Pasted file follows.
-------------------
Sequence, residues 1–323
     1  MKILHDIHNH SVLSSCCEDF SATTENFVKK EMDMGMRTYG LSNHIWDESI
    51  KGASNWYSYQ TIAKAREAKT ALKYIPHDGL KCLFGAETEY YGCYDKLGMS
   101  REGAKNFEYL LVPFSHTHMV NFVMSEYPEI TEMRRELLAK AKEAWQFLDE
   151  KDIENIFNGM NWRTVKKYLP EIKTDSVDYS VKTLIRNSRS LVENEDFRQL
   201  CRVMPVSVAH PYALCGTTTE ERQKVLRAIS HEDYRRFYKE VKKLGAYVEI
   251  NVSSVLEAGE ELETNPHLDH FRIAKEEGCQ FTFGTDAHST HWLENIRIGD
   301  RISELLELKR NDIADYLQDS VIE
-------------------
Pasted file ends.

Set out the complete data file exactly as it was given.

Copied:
Sequence, residues 1–323
     1  MKILHDIHNH SVLSSCCEDF SATTENFVKK EMDMGMRTYG LSNHIWDESI
    51  KGASNWYSYQ TIAKAREAKT ALKYIPHDGL KCLFGAETEY YGCYDKLGMS
   101  REGAKNFEYL LVPFSHTHMV NFVMSEYPEI TEMRRELLAK AKEAWQFLDE
   151  KDIENIFNGM NWRTVKKYLP EIKTDSVDYS VKTLIRNSRS LVENEDFRQL
   201  CRVMPVSVAH PYALCGTTTE ERQKVLRAIS HEDYRRFYKE VKKLGAYVEI
   251  NVSSVLEAGE ELETNPHLDH FRIAKEEGCQ FTFGTDAHST HWLENIRIGD
   301  RISELLELKR NDIADYLQDS VIE